After stoking anxiety in the health insurance industry for three years, the controversy that's come to be known as TukeyGate finally came to fruition last month.
TukeyGate refers to an obscure change in how the Centers for Medicare and Medicaid Services assesses quality of care for Medicare Advantage enrollees through the star ratings program. The agency previewed the latest scores last month and, while health insurance companies were steeling themselves for lower ratings and smaller bonuses, the scale of the decline caught them off guard. The final ratings are due this month.
To blame, industry experts say, is a CMS effort to minimize the effects of outliers on the measurements that determine how many stars a Medicare Advantage plan is awarded. According to a McKinsey report, this methodological change, dubbed the Tukey Outer Fence Outlier Deletion Method, will cost insurers an estimated $800 million in lost star ratings bonuses next year.
The health insurance industry further charges that CMS fumbled the rollout of this new factor and left them flatfooted when the preliminary ratings came out.
Three years ago, CMS issued a regulation that would apply Tukey to ratings for the 2024 plan year. In 2022, the Tukey provisions were left out of a new rule. CMS restored them in another regulation published last December and cited an input error for the discrepancy.
This did not satisfy the industry, said Ana Handshuh, a principal at CAT5 Strategies, a Medicare Advantage consultancy. “There's all these technicalities of how things are supposed to be done, and when there's hundreds of millions of dollars at stake, people like everything followed to the letter,” she said.
CMS may face a court fight over how it promulgated the regulations. “We know that stars drive both enrollment and revenue, and so it’s not surprising some health plans are interested in litigation,” said Michael Bagel, associate vice president of public policy at the Alliance of Community Health Plans, a trade group for nonprofit insurers.
Catch a falling star
CMS rates Medicare Advantage plans on a one-to-five scale using 38 measures of enrollee experience, health outcomes and other factors. The agency uses insurer averages to determine the numerical ranges for each measure that correspond with each star rating, which the agency refers to as cut points. Overall scores are also subject to a weighted industry average.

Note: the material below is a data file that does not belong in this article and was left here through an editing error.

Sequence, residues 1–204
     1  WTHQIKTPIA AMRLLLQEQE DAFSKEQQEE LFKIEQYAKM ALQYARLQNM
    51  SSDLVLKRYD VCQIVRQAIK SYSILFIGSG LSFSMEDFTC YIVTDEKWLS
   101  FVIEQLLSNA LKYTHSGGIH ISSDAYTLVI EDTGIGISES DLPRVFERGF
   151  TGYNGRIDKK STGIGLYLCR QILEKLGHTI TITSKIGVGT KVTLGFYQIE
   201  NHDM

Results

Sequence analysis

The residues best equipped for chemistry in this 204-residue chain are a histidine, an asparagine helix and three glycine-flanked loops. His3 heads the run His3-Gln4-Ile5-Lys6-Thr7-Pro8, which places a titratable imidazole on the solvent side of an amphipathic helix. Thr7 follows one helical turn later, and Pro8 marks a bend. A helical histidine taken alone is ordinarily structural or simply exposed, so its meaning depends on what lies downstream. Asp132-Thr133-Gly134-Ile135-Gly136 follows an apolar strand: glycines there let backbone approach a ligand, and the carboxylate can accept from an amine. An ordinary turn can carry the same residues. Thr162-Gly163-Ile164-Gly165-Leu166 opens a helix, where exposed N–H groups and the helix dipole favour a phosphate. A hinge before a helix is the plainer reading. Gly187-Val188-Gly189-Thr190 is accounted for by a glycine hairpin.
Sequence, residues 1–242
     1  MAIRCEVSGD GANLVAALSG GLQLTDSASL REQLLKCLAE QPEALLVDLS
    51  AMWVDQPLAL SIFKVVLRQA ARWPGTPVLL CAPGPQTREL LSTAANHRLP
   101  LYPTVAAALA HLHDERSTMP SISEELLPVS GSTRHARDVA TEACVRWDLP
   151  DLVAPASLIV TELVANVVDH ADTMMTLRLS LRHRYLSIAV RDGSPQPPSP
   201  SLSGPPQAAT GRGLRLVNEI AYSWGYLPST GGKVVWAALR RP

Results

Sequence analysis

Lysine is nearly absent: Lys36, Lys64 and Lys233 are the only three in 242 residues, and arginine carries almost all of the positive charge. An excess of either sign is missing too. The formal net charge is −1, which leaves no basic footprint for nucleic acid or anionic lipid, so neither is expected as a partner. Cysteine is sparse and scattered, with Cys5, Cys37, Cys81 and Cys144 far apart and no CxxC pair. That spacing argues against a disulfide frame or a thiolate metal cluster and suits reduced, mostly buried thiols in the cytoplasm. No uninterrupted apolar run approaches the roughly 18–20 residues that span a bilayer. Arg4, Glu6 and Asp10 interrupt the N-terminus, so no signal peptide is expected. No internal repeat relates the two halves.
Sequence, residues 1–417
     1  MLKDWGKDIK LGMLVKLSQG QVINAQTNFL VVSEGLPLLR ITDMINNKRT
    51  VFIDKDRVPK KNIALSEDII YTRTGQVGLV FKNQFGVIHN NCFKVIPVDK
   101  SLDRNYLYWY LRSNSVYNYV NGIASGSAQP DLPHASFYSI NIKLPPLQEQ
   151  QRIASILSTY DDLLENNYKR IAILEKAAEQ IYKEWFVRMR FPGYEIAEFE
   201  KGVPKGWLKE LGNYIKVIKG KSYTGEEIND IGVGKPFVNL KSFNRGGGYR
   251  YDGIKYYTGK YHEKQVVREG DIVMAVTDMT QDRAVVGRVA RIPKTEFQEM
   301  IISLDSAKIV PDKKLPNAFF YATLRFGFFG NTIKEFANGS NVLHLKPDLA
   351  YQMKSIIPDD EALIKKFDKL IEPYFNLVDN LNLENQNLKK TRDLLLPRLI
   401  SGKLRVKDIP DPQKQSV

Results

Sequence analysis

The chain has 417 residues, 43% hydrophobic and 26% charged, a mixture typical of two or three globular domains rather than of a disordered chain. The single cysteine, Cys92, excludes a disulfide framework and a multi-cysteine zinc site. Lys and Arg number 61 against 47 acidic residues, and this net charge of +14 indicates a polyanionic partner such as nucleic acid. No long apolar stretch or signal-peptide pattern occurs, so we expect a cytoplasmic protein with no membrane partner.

The stakes are considerable. Medicare Advantage insurers that score at least four stars receive 5% payment bonuses, which they use to reduce premiums, enhance benefits or both to entice brokers and customers.
Medicare Advantage insurers opposed Tukey from the start. In 2020, CMS estimated that Tukey would cause at least 16% of plans to lose half a star because it increases the cut point threshold needed to achieve higher ratings. The COVID-19 pandemic disrupted care delivery, patient demand and utilization starting that year, but CMS based its analysis on 2019 data, making it hard for insurers to project the factor's impact on their star ratings, Bagel said.
“It was very difficult for us to know what actually was going to materialize once Tukey was applied nationally, and once CMS was comparing every plan against each other,” Bagel said. “There definitely were some bigger changes here than I think anyone anticipated."
In response to insurer complaints about substantial yearly fluctuations in the cut points, CMS last year introduced star ratings guardrails that limit how much most measures' cut points can change to 5% annually. Many insurers argued that would curb Tukey’s initial impact, said Rex Wallace, a principal at RWC Consulting, a Medicare Advantage advisory firm.
But the preamble to the final Medicare Advantage rule in 2020 stated that CMS would retroactively apply Tukey to 2023 ratings as a way to normalize the comparisons for the 2024 plan year. The agency said it then would implement guardrails to the new, “Tukey-fied” 2024 cut points.
Because the preamble is not published in the Code of Federal Regulations, however, some insurers did not see that language and were surprised by its consequences, Wallace said. This could the basis for a legal case that the preamble should not be legally binding as regulation, he said.
“The pressure of the lost revenue, coupled with the confusion around where it was included in the rule, is making some plans consider legal action against CMS,” Wallace said.
Applying Tukey to star ratings results in dramatic increases in the cut points for measures on call center operations, language translation services, breast cancer screening rates and other factors, said Sean Creighton, a managing director at the consulting company Avalere Health who formerly worked on public policy for Humana and as a CMS official. That alone demonstrates that the Tukey is inappropriate, he said: "It's overkill."
Instead, CMS should scrap Tukey and commit to the guardrails alone, Creighton said.
"Clearly, CMS has a preference for more sophisticated techniques, regardless of whether they make any sense or not,” he said. “Tukey is much more sophisticated than guardrails, but there's really no additional value, or very little additional value, to Tukey."